There is in fact no international consensus supporting two states for Palestine-Israel. Those who cite UN Security Council Resolution 242 as the basis for two states ignore the reality that the resolution never imagined two states. When it was adopted in the wake of the 1967 war, during which Israel captured territory from Jordan, Egypt, and Syria, it called for Israel's withdrawal "from territories occupied" in the war and affirmed the right of all states in the region "to live in peace within secure and recognized borders" (a formulation later twisted into the demand that Palestinians and other Arabs recognize Israel's "right to exist"). Although it became the basis for future peace initiatives, as well as the basis for future UN resolutions, Resolution 242 did not even mention Palestinians except as "the refugee problem" and clearly did not put forth a proposal for two states in Palestine-Israel. The international consensus at this point acted as though it had never even heard of Palestinians. At the time, any consideration of the fate of the occupied West Bank and Gaza was directed solely at ending Israel's control and returning these territories to Jordan and Egypt respectively, their original occupiers.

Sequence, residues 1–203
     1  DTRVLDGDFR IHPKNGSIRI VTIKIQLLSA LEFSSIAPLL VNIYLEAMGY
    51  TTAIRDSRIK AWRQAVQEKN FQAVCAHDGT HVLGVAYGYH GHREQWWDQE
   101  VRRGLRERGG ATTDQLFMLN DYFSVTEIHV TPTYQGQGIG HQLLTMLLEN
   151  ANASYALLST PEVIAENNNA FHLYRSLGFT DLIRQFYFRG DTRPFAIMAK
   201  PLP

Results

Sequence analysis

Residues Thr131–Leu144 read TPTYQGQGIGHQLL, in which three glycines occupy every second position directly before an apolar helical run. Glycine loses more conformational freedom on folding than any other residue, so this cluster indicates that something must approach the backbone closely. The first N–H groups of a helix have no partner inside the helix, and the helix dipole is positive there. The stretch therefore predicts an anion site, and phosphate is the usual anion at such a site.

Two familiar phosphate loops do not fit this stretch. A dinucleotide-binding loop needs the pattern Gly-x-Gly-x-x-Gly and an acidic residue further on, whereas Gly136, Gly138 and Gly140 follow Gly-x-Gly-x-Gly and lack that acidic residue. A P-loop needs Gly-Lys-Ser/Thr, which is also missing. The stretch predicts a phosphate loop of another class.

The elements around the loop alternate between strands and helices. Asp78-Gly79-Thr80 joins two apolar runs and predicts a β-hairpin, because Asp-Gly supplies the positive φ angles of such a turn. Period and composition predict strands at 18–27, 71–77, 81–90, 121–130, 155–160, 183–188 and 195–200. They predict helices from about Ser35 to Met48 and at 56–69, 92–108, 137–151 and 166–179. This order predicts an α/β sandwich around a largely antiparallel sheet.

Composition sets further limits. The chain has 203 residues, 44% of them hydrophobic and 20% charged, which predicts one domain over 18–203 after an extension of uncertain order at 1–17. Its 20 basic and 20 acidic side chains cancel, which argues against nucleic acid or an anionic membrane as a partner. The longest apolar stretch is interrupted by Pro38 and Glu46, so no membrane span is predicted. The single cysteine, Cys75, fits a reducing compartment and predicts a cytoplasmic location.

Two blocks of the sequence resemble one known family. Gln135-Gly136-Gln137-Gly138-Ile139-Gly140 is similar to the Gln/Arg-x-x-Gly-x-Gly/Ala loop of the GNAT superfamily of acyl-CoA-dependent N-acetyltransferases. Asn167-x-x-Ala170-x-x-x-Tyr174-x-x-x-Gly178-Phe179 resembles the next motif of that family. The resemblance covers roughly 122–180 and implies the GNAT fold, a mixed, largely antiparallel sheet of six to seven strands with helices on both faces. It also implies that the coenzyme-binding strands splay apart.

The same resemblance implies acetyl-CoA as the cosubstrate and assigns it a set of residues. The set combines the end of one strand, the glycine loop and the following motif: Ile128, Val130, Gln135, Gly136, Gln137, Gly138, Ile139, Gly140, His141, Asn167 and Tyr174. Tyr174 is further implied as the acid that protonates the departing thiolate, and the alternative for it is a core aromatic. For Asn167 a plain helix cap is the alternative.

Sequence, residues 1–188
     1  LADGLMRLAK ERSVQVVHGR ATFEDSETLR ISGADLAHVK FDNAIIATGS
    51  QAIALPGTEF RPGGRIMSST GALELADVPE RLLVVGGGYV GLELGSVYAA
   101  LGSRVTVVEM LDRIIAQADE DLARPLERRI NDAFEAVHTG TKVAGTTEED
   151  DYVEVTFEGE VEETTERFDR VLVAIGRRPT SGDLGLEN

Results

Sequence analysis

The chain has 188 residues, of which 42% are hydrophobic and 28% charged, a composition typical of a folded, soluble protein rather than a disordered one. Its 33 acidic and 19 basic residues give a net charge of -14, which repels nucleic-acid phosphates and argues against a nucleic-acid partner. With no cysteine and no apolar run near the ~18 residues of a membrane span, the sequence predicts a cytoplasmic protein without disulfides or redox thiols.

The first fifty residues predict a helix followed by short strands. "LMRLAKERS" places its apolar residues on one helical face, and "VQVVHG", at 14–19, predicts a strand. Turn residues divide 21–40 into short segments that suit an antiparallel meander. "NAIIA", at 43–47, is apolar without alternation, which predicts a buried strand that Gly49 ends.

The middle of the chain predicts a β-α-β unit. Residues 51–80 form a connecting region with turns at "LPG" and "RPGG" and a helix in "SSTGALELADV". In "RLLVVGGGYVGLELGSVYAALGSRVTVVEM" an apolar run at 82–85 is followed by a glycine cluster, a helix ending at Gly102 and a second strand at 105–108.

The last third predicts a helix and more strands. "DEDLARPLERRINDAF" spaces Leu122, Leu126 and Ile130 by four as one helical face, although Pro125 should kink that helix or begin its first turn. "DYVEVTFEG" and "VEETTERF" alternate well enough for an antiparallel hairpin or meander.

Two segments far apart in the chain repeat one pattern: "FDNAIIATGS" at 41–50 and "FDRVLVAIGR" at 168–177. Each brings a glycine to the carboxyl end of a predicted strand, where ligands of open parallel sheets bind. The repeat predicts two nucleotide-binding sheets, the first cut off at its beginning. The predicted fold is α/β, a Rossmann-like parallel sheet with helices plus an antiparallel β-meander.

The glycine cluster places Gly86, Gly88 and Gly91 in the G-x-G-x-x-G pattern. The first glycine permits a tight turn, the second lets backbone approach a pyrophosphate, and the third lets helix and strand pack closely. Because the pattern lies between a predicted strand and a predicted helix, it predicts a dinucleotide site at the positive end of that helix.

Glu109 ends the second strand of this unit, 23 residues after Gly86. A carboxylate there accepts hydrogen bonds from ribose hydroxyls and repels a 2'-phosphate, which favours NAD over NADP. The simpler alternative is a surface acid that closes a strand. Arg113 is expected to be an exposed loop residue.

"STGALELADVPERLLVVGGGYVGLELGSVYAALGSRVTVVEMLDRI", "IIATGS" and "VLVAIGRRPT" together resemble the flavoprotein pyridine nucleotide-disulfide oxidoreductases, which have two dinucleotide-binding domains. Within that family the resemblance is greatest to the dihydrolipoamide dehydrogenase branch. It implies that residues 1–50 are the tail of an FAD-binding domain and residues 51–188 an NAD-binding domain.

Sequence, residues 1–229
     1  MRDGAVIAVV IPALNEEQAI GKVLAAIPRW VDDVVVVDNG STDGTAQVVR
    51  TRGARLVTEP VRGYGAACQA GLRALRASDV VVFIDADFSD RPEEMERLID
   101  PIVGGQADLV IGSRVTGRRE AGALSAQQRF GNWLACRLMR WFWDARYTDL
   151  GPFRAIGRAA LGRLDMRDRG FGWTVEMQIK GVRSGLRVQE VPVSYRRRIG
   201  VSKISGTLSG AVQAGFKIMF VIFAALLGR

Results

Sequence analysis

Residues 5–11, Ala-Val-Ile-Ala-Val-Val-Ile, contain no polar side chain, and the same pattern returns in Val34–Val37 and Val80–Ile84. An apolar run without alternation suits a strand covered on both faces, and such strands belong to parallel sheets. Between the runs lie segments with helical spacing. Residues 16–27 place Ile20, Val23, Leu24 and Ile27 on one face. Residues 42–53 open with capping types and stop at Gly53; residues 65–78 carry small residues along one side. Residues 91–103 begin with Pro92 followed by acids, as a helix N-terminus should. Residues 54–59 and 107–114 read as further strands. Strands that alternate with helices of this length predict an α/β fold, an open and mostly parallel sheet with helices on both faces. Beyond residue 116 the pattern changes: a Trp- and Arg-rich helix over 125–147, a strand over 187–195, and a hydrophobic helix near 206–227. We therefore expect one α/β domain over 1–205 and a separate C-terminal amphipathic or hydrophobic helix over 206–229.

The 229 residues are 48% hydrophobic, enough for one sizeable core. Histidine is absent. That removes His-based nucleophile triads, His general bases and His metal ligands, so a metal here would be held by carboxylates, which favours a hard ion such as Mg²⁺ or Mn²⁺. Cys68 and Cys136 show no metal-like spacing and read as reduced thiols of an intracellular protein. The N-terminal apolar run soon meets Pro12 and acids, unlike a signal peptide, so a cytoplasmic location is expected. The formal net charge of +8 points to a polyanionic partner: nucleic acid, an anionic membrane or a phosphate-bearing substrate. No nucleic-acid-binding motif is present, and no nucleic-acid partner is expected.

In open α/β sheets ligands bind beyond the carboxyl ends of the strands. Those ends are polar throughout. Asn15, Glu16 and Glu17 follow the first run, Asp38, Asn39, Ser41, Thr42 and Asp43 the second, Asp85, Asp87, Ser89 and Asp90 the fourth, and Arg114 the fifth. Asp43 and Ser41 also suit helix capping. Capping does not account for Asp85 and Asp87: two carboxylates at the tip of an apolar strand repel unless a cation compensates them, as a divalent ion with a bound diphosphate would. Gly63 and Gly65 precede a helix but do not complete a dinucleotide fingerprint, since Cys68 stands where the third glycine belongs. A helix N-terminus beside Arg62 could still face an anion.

If there was ever an international consensus in favor of two states in Palestine, this was during the year or so surrounding passage of the 1947 UN partition resolution, which divided Palestine into a Jewish and an Arab state. This period of support for two states ran from mid-1947, when a UN committee recommended partition, until early 1948, when Israel and Jordan began what became the theft of the territory designated for the Palestinian Arab state, each taking approximately half of it (except for Gaza, which Egypt controlled, but did not annex, until Israel captured that tiny strip of land in 1967). The international community expressed absolutely no concern over this dismemberment of the second state supposed to be established in Palestine -- or over Israel's ethnic cleansing of the Palestinian population, or over the fate of the 750,000 Palestinians forced into exile and consigned to refugee camps in surrounding Arab countries, or over Israel's and Jordan's continued control over territories stolen from the Palestinians. So much for the international consensus.